Acute and chronic inflammations are an extremely common histopathologic finding in the human prostate. The origin of inflammation in the prostate remains a subject of debate and may in fact be multi-factorial, but there is evidence that bacterial colonization of the human prostate occurs frequently and evidence that prostatic inflammation is often associated with the presence of bacteria. Further, the coincidence of chronic inflammation and tumorigenesis in the peripheral zone has recently been linked by studies identifying so- called proliferative inflammatory atrophy (PIA) as a possible precursor of prostatic intraepithelial neoplasia (PIN) and prostate cancer (CaP). These findings highlight the need for a well described mouse model to examine and study the effects of chronic bacterial inflammation on the prostate and to determine the potential for such inflammation to incite reactive epithelial proliferation and to create conditions that are conducive to reactive dysplasia and neoplasia. We have conducted preliminary studies showing that C3H/HeOuJ inbred male mice inoculated intraurethrally with uropathogenic E. coli develop significant prostate infections and have preliminary data showing that prolonged infection and inflammation result in a reactive hyperplasia which progresses over time to hyperplasia associated with severe dysplasia. ? ? This proposal addresses the hypothesis that chronic bacterial infection of the prostate produces chronic prostatic inflammation and reactive epithelial hyperplasia. We will test this hypothesis by developing a novel, well defined mouse model of chronic bacterial prostatitis and using it to characterize the inflammatory response to bacterial infection and the effect of chronic inflammation on the prostate epithelium. ? ? Three specific aims of this proposal are: ? 1. To define the inoculum dose of uropathogenic E. coli necessary to reliably produce prostatic infection and to examine the relationship of inoculum to the duration of infection and the magnitude of the inflammatory response. ? 2. To characterize the acute and chronic bacterial inflammatory response to infection by quantitating inflammatory cell infiltrate and the expression of inflammatory mediators ? 3. To characterize the effect of chronic infection and inflammation on epithelial proliferation and apoptosis and to characterize in detail the reactive hyperplasia and dysplasia that appears during chronic inflammation. ? ? ?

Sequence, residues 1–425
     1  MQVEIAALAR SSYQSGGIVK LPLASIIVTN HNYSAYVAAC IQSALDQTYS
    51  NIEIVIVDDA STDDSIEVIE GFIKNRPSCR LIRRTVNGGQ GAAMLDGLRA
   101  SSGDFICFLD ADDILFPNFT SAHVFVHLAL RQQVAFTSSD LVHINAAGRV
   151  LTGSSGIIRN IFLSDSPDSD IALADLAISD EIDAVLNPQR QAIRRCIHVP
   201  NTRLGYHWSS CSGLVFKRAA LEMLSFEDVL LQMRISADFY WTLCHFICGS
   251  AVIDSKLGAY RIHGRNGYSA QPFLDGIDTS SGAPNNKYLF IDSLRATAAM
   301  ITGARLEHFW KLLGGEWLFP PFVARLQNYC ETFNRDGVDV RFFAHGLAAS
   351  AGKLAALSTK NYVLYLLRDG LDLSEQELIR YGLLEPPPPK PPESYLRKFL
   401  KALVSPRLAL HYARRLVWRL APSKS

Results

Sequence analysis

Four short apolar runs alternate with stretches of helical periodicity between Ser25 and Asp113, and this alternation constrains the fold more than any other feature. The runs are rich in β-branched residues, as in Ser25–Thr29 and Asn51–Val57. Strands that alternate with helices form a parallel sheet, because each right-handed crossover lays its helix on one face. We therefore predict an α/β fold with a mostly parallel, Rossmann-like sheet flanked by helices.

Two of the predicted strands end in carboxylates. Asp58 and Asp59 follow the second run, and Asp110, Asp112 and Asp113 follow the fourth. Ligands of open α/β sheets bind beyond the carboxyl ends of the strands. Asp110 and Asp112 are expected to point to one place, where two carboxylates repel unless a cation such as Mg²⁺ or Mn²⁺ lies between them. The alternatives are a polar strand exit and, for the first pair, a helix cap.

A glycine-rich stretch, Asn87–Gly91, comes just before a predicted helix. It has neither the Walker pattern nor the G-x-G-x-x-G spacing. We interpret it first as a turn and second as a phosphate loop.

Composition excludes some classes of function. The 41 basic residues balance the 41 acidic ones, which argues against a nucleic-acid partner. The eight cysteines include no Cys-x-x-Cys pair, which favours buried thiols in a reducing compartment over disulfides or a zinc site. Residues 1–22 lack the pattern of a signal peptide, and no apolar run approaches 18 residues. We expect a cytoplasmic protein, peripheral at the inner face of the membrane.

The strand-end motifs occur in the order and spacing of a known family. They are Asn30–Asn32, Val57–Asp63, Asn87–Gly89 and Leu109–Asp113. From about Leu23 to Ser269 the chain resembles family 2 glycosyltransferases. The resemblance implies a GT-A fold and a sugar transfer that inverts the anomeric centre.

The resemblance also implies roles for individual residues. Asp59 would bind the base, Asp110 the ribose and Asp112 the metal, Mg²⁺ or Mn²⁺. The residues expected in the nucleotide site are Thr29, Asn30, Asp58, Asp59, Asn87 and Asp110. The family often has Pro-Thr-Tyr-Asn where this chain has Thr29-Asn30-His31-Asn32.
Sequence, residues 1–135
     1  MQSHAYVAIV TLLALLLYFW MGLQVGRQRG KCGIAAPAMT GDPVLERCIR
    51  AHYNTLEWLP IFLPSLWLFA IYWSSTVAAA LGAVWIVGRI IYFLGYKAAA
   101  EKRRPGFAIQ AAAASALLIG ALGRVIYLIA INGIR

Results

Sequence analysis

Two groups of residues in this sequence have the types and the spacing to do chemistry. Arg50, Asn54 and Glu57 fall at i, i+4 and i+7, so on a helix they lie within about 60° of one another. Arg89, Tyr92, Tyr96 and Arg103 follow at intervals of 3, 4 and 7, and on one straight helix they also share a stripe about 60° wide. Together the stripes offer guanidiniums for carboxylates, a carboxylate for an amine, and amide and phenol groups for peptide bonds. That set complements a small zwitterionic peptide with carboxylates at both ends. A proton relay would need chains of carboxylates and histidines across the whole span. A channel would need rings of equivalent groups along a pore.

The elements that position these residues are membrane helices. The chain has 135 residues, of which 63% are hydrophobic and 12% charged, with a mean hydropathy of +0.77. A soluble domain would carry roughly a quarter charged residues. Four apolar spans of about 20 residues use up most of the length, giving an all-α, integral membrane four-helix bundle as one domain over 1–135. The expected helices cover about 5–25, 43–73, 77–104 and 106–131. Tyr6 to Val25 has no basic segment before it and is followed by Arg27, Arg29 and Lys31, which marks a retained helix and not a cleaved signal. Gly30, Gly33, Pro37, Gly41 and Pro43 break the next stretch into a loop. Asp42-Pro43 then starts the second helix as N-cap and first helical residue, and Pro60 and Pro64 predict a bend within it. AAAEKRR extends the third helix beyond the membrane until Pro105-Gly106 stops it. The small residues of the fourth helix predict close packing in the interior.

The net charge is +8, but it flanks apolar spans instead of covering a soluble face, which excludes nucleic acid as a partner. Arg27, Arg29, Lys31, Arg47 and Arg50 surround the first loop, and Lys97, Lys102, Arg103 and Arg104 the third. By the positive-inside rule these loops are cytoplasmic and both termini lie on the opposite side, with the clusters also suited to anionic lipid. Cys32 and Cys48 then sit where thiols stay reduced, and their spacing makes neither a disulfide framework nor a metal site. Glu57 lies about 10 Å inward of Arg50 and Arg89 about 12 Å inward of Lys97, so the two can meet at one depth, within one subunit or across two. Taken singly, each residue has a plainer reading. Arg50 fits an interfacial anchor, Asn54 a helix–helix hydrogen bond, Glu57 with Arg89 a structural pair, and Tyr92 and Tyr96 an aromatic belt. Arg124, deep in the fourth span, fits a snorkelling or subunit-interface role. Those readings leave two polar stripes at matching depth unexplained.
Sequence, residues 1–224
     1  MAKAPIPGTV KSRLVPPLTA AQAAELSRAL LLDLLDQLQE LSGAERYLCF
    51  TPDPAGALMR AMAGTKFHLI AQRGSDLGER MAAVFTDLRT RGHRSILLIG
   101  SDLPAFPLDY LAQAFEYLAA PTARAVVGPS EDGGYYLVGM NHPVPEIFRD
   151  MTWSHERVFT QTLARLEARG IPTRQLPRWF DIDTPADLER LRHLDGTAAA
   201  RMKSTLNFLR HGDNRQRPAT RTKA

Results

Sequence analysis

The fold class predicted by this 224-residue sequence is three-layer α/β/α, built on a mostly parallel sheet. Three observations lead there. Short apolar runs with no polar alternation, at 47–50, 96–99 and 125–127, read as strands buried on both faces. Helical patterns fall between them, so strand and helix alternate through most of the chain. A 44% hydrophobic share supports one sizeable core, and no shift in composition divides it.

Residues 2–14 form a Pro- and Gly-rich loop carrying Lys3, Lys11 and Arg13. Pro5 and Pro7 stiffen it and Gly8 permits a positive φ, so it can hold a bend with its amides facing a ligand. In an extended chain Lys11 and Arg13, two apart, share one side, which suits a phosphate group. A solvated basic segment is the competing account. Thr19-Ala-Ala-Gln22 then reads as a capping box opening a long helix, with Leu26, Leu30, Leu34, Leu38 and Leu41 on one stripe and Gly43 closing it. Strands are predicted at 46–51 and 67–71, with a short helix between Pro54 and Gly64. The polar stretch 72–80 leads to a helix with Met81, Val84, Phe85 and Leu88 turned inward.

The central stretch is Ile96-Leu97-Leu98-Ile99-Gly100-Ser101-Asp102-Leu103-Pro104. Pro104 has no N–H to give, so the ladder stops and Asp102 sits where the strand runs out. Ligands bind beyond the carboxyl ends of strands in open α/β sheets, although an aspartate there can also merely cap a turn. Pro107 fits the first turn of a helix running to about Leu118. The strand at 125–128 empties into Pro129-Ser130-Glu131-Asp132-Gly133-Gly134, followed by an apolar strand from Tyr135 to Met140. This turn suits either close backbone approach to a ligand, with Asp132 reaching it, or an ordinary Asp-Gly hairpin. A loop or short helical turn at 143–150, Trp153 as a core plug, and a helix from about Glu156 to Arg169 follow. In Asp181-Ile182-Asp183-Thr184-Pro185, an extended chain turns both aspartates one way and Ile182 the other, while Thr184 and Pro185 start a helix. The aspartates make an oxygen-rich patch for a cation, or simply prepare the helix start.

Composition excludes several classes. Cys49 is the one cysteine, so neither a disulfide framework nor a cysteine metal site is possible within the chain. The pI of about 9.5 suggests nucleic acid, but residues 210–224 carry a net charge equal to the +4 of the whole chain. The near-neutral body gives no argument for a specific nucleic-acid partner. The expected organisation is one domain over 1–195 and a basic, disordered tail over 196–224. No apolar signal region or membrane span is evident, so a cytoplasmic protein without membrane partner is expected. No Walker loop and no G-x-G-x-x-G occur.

National Institute of Health (NIH)
National Institute of Diabetes and Digestive and Kidney Diseases (NIDDK)
Research Project (R01)
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Special Emphasis Panel (ZRG1-RUS-B (04))
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Mullins, Christopher V
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University of Wisconsin Madison
Schools of Medicine
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